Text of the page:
Cultivating Haitian Hope


Beyond her displacement camps and their many obstacles, Haiti is taking some baby-steps towards her anticipated recovery. The long-awaited plans, gradually surfacing, offer a real glance into the paths that will lead the country away from its tumultuous past. While these steps may seem too insignificant for some news organizations to notice, Haitians whose lives depend on the successful implementation of these plans applaud the initiatives. 

Haiti Hope Project (HHP) is one such plan that brought together a coalition of businesses, government, and civil society partners to develop a sustainable mango industry in the country. Towards the end of March 2010, The Coca-Cola Company (CCC) and TechnoServe –a nonprofit organization– announced the project after a meeting held earlier in the month with Jean-Max Bellerive, the Prime Minister of Haiti. Many feel that Bellerive’s enthusiastic seal of approval of the Project hinted at new beginnings in Haitian politics and, perhaps, confirmed the government’s engagement and commitment to the development of Haiti’s economic infrastructure

 In their joint press release, the companies indicated that TechnoServe would implement the Project on the ground: a plan that would create new economic opportunities for 25,000 Haitian mango farmers and their families. The NGO has established a strong record of accomplishments in that field managing similar partnerships around the world, most notably, with banana, cashews, cocoa, and coffee.

In addition to Coca-Cola’s $3.5 million investment in HHP, INTER-AMERICAN DEVELOPMENT BANK (IDB) also pledged $3 million through its multilateral Investment Funds (MIF). “We are proud to join forces with The Coca-Cola Company in this endeavor, which we hope will become a model of how the private sector can play a critical role in Haiti’s recovery. We call on other corporations to follow their example, helping the Haitian people build a more prosperous future,” said Luis Alberto Moreno, IDB’s president and CEO.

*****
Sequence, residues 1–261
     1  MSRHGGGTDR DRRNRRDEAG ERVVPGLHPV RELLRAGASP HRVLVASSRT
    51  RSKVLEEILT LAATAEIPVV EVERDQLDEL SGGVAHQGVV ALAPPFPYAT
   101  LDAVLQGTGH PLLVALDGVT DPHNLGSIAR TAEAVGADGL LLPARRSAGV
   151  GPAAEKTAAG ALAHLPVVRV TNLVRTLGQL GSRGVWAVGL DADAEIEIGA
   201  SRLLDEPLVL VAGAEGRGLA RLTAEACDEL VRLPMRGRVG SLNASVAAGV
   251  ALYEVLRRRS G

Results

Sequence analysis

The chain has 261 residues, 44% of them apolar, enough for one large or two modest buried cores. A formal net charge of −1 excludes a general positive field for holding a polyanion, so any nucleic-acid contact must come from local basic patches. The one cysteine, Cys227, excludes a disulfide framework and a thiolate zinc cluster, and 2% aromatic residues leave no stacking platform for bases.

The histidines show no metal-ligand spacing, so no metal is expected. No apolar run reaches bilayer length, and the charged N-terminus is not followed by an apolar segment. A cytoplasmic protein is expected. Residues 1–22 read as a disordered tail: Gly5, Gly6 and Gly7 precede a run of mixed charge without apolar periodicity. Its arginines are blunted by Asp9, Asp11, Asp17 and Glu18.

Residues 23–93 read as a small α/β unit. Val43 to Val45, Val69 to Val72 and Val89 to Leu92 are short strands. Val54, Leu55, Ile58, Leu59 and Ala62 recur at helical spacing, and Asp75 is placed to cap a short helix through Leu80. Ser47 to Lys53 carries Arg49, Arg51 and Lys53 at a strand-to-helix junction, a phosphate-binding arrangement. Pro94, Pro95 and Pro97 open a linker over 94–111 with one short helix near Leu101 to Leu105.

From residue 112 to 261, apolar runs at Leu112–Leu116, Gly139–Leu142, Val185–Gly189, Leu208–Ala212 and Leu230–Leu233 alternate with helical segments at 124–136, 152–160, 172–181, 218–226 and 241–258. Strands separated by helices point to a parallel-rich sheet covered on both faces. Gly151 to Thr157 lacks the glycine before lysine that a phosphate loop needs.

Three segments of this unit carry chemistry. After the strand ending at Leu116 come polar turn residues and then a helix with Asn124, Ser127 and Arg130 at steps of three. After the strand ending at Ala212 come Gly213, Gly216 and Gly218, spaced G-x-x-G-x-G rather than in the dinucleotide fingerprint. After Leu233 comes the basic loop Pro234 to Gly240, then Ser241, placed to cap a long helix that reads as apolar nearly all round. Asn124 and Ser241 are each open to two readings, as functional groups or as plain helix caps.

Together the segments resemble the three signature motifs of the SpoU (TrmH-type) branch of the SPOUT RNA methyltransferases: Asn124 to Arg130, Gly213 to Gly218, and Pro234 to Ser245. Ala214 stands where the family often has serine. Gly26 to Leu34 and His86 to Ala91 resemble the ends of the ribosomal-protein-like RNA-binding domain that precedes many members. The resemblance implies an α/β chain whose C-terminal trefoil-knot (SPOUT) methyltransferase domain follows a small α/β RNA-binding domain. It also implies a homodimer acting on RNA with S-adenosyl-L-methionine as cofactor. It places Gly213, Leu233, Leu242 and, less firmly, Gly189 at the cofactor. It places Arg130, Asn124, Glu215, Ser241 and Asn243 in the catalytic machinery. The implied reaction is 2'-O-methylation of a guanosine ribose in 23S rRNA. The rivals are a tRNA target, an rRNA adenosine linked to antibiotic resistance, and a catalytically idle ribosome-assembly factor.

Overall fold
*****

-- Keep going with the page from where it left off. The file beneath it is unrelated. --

Recently, HHP gained more momentum when it announced more partners that pledged financial support. Acting through the U.S. Agency for International Development (USAID) and in coordination with the Interim Haiti Recovery Commission (IHRC), the US Government publicly announced an initial investment of $1 million. Talking about the potential success of the HHP, Kenneth Merten –US ambassador to Haiti declared– it is “Empowering the people of Haiti and embracing their entrepreneurial spirit, while working in alignment with the Government of Haiti’s priorities, will be critical in helping Haiti build back better.”

Furthermore, the Clinton Bush Haiti Fund (CBHF) also announced a contribution of $500,000 to support the formation and financing of mango producer groups, nurseries, and collection centers to help farmers. Total investment in HHP has reached $8 million.

Largely under the radar however, is HHP’s insistence on an improved participation of women in the labor force during its implementation phase; a beginning many hope will create a new paradigm for the inherent gender-based inequities prevalent in Haiti’s business communities.

A world away, on the educational front, a 20-year plan to reinvent Haiti’s education system

finally emerged. Critics of the Haitian government have argued, perhaps justifiably, “Talk and promises have been exceedingly more abundant than visible improvements.” However, the ambitious plan presented by the government and its foreign partners would provide free or nearly free education from kindergarten through the 12 grade.

Exposing pre-quake conditions, the Miami Herald revealed the disturbing realities of Haiti’s broken education system. Out of 800 babies born every day, a lucky seven eventually makes it into a university. Ninety percent of the schools are private and have little to no government oversight.

However, this long-term plan included a $4.3 billion expenditure over a two-year period during which a new $15 million, 320-bed teaching hospital would be constructed in Mirebalais, a town in central Haiti.  The government would also build 625 new primary schools are   triple the number of publicly financed schools. It would also retrain 90 percent of the country’s teaching force — 50,000 people — to teach the new curriculum, and it would train 2,500 new teachers a year, many through a program patterned on Teach for America.

Like the HHP, the education plan is not a shortsighted initiative. The expertise of Paul Vallas, successful school reformist in both Chicago and post-Katrina New Orleans, brought a fresh perspective to Haiti’s educational system. 

Vallas reasoned, “If you subsidize schools that are of higher quality, that are using the national curriculum, that have certified teachers that have higher quality instruction and that are either waiving their tuition or charging affordable tuition costs, that is where those parents will gravitate.” Many observers agreed that such a comprehensive approach could plant some seeds of intellect and hope in the promising future of the nation while generating a range of options for Haitians.

Rapadoo,

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